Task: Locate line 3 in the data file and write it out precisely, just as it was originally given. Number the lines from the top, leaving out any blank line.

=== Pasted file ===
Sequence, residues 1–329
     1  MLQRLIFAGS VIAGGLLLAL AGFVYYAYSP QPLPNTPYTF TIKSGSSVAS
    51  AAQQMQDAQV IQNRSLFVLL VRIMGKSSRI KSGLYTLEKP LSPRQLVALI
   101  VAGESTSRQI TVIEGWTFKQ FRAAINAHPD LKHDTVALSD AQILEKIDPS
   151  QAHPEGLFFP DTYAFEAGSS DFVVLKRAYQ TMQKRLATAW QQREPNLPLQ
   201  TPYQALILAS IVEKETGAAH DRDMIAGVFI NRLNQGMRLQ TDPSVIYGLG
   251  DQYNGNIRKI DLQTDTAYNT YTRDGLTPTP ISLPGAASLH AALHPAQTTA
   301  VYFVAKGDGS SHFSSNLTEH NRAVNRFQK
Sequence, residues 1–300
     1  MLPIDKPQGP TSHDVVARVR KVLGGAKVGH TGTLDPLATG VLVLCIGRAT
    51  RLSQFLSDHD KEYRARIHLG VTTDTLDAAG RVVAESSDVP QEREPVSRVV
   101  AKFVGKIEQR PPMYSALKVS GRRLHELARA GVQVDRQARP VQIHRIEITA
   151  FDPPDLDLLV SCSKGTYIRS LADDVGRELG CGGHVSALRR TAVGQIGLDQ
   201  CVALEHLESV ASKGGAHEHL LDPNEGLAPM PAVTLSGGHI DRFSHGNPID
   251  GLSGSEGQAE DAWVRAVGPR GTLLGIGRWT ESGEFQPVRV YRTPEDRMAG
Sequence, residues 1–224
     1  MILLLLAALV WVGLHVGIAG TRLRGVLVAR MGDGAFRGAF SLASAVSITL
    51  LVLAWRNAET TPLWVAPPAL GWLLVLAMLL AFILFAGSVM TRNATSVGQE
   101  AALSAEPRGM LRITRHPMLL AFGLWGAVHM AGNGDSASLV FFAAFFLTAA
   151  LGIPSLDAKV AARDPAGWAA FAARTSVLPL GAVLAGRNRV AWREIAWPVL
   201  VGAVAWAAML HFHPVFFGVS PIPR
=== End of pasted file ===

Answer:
    51  AAQQMQDAQV IQNRSLFVLL VRIMGKSSRI KSGLYTLEKP LSPRQLVALI